It takes a lot of dosh to refine biofuels to more efficient energy outputs, and to build the necessary manufacturing plants to increase biofuel quantities, initial investment is often high.

As demand for food crops such as corn grows for biofuel production, it could also raise prices for necessary staple food crops.

There is concern that using valuable cropland to grow fuel crops could have an impact on the cost of food and could possibly lead to food shortages.

It takes massive quantities of water to irrigate biofuel crops as well as to manufacture the fuel, which could strain local and regional water resources.


I would love to see bio fuels replace aviation as well as motor vehicle fuel but there are a lots of refinements necessary to make it viable on a world wide scale.

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Re: Exclusive report – Boeing reveals “the biggest breakthrough in biofuels ever”

Post by Irn Bru on Thu Jan 30, 2014 3:35 pm

But these plants can grow in the desert whereas traditional crops that come into the food supply chain don't.

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Re: Exclusive report – Boeing reveals “the biggest breakthrough in biofuels ever”

Post by Guest on Thu Jan 30, 2014 3:49 pm

Irn Bru wrote:But these plants can grow in the desert whereas traditional crops that come into the food supply chain don't.

That would be excellent & I'd love to see it work.But will it's production address the points that I made?

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Re: Exclusive report – Boeing reveals “the biggest breakthrough in biofuels ever”

Post by Ben Reilly on Thu Jan 30, 2014 6:40 pm

Remember, the diesel engine was originally engineered to run on biofuel, not petroleum derivatives -- Rudolf Diesel himself envisioned farmers being able to process the fuel to run their own tractors, trucks, etc.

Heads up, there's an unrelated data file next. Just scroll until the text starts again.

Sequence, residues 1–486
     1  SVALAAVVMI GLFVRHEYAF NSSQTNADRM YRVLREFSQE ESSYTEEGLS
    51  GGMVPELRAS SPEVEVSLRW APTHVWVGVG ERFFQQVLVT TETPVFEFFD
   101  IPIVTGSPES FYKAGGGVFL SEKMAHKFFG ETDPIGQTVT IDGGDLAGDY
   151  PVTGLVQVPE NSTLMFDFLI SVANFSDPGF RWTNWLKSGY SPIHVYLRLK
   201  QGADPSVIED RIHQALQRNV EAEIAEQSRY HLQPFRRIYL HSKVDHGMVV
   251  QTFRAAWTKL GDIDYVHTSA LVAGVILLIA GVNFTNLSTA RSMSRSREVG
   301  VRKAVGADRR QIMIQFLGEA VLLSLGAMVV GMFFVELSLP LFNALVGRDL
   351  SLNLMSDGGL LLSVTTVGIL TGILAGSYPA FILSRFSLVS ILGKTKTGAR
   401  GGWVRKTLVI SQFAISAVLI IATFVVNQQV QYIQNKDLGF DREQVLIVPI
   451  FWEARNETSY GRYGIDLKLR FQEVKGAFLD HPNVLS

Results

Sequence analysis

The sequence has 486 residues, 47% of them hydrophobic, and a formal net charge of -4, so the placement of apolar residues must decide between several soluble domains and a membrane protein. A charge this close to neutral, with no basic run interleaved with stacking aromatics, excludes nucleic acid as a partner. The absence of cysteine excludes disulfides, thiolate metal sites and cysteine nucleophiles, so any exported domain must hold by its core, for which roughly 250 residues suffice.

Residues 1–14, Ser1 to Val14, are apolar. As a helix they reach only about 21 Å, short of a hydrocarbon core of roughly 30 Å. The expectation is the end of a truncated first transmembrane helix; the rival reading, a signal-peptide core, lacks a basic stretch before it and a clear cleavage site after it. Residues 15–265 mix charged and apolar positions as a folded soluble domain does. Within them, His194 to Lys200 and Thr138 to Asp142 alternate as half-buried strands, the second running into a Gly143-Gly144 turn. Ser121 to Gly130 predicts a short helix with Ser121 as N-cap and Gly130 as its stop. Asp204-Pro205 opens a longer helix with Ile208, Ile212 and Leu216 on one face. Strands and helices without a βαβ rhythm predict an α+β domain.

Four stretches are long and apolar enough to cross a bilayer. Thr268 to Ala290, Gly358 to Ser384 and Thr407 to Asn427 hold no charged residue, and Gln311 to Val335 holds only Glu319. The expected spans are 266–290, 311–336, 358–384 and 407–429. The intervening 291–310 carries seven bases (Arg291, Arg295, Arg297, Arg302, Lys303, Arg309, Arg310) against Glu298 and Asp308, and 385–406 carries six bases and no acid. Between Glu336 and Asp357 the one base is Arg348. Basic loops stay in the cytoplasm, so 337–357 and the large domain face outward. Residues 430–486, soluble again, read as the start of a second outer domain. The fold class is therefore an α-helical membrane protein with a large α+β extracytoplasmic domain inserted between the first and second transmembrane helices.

As far as the cost of the infrastructure, I'm certain it costs a lot of money to extract oil too -- in fact, it costs more than ever, as all the easily accessed reservoirs are running out, forcing innovations like fracking, which is increasingly shown to be a dangerous practice. http://www.rawstory.com/rs/2014/01/24/rachel-maddow-earthquake-rattled-texas-town-begs-state-to-shut-down-fracking-wells/



Or like deep-water drilling, which has gone so spectacularly for BP in recent years ...

I'd love to see someone run an estimate of how much CO2 the growing crops will sequester vs. how much these facilities will emit. It may not matter that much, however, as we're definitely running out of the finite fossil fuel reserves and something will need to replace it whether it's clean or not.

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Re: Exclusive report – Boeing reveals “the biggest breakthrough in biofuels ever”

Post by Beekeeper on Sat Feb 01, 2014 2:59 pm

Cool   NO PLANTS can grow in deserts over "the long term" without increasingly large amounts of fertilisers, and either soil conditioners or hydroponic mediums, being added into the growing systems...

WHICH inevitably makes the crops THREE TIMES more expensive to produce..  AS past trials on "desert farming" have proven.

YOU cannot expect to use the oceans via desal' plants on some unlimited basis, without even more unplanned and unbudgeted upsets to what is already grossly messed-up environments.    Suspect 

THEN there are also the increased problems of pest controls when plants are introduced into totally new environs ~ due to the total absence of any predator species for those pests that WILL inevitably follow the crops over/after their first few years..
cheers   WHAT will provide the biggest boosts to bio-fuel efforts such as these, WILL be when recycling efforts are perfected and streamlined and fine-tuned to such an extent, that the recycling of organic garbage dump wastes and cities 'waste water' runoffs can be utilised... 

THAT IN TURN, will both address some of the problems that Shady has highlighted, and at the same time 'sidestep' some of the problems that I pointed out with using "green field" sites..
ESPECIALLY the patently bad ideas of further abusing our oceans and deserts.   alien